Maryland Court Discusses Evidence Sufficient to Establish a Breach of the Standard of Care in Medical Malpractice Cases

In any lawsuit in which a patient alleges he or she suffered harm due to medical malpractice, the plaintiff must establish that the treating doctor breached the applicable standard of care. Simply because a patient suffers harm, however, does not mean that the doctor should be liable for negligence. This was discussed in a medical malpractice case recently decided by the United States District Court for the District of Maryland. The court found in favor of the defendant orthopedic surgeon. If you suffered harm during surgery, it is prudent to meet with a zealous Maryland malpractice attorney to discuss what you must prove to recover damages.

Factual Background

It is reported that the plaintiff underwent a carpal tunnel release surgery that was performed by an agent of the defendant. During the surgery, the defendant’s agent lacerated the plaintiff’s median nerve, causing her injuries. The plaintiff and her husband subsequently filed a medical malpractice lawsuit against the defendant. Following a bench trial, a verdict was issued in favor of the defendant. The plaintiff appealed.

Evidence Sufficient to Prove a Breach of the Standard of Care

Pursuant to Maryland law, a plaintiff seeking damages in a medical malpractice case must establish the standard of care required at the time the medical care was provided, a breach of the standard of care by the defendant, and an injury caused by the breach. Expert testimony is usually required to prove medical negligence.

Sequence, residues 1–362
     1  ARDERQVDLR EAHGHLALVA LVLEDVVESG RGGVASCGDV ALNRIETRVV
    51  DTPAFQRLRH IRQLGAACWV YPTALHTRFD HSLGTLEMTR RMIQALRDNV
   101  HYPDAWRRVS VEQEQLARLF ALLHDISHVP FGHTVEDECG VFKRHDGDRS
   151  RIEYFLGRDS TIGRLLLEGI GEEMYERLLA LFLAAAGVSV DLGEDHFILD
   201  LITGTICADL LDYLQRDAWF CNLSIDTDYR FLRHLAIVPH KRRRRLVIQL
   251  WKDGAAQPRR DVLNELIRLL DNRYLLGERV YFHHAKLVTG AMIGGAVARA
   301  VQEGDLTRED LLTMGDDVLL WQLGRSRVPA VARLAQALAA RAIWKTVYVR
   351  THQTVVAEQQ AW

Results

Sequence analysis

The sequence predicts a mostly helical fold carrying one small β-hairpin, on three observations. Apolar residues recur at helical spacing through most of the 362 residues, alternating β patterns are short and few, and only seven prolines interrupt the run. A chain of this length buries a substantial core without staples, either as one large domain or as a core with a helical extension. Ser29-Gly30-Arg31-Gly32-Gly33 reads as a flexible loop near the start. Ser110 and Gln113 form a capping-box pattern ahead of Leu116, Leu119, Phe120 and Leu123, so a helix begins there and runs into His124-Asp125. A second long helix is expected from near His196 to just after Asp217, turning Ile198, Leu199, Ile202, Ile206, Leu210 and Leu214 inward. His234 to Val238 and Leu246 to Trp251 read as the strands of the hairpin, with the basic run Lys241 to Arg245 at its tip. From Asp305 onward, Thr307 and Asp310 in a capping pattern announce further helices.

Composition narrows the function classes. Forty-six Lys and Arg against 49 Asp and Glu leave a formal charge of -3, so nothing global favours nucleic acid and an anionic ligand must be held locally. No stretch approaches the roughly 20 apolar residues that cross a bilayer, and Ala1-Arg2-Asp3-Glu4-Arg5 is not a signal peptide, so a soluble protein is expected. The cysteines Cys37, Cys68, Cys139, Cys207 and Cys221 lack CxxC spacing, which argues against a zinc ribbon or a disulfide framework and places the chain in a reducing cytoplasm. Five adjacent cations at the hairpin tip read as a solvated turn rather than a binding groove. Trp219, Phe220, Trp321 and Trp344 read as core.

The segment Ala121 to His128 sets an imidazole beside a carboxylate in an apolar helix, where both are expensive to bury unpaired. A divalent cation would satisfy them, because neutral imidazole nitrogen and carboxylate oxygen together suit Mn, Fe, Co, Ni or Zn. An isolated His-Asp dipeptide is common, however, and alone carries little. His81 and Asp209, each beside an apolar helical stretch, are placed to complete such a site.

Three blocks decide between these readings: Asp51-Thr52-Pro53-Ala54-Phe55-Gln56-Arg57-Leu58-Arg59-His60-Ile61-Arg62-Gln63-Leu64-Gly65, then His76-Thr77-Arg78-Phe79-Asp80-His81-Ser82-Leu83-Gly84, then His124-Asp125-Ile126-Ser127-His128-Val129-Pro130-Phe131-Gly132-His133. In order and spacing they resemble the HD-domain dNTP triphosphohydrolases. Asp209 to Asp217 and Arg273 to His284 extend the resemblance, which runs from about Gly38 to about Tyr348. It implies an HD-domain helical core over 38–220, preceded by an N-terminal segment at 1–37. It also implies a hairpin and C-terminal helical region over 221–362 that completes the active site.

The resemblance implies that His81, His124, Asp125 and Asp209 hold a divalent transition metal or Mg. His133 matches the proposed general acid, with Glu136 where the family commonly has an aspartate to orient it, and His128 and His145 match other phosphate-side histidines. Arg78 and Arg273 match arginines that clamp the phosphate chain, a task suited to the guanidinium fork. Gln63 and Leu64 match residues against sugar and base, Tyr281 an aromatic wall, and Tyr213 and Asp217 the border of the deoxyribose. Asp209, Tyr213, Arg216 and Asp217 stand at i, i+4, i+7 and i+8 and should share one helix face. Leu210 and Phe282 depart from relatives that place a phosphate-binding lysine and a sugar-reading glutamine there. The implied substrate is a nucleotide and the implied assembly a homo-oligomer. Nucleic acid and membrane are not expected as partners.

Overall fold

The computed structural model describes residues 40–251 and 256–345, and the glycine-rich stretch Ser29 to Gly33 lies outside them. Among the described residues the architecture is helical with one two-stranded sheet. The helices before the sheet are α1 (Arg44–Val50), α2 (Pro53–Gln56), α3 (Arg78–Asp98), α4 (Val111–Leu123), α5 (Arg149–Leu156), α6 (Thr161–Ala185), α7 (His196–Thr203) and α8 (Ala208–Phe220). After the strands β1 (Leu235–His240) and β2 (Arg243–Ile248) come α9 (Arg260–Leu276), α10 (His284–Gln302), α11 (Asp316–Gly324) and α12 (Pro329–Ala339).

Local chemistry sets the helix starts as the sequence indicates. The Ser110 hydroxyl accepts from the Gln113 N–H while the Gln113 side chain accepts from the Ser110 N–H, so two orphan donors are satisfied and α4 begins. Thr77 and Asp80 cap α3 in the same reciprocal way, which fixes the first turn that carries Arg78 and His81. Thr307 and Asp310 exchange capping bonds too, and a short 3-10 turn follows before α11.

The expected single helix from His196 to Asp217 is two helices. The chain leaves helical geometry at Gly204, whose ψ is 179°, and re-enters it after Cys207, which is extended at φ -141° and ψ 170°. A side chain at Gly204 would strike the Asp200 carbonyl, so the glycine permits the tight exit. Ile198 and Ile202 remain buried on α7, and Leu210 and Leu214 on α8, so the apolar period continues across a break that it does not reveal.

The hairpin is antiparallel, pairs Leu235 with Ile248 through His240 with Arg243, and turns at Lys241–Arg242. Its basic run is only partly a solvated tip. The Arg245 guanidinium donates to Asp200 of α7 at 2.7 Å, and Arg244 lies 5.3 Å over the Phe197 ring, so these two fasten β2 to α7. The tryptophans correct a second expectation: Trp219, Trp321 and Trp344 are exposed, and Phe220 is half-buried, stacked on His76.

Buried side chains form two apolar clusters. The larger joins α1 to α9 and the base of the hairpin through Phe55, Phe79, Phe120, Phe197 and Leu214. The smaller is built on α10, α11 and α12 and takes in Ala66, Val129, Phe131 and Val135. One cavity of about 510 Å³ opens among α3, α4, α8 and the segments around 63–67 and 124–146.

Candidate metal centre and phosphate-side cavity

In the subject case, the court noted that both the plaintiffs’ expert and the defendant’s expert agreed on several aspects of the plaintiff’s treatment. Specifically, they both agreed that she was an appropriate candidate for the surgery and that the manner in which the surgery was performed was appropriate. Further, they both agreed that the defendant recognized the injury caused by the laceration in a timely manner and took steps during the surgery to repair the laceration. Lastly, they both agreed that both the laceration repair and the post-surgical care was appropriate. The plaintiffs’ expert’s sole criticism of the defendant was that the laceration itself was a breach of the standard of care.

The court noted, however, that the plaintiffs’ expert acknowledged that an injury to the median nerve was a known risk of the procedure but argued that due to the fact that a laceration was an uncommon complication, it constituted a breach of the standard. The court disagreed, finding there was no way to distinguish the laceration injury from any other known risks of the procedure. Further, the court found plaintiffs’ expert’s reasoning to be circular and lacking in evidentiary support. Thus, the court affirmed the verdict.

Consult a Capable Maryland Malpractice Attorney

If you were injured during a surgery, it is in your best interest to consult a capable Maryland medical malpractice attorney regarding your potential claims and what damages you may be able to recover. The dedicated malpractice attorneys of the Arfaa Law Group possess the skills and resources to provide you with a strong chance of a favorable result, and we will work tirelessly on your behalf. You can contact us at (410) 889-1850 or via our online form to set up a complimentary and confidential consultation to discuss your case.

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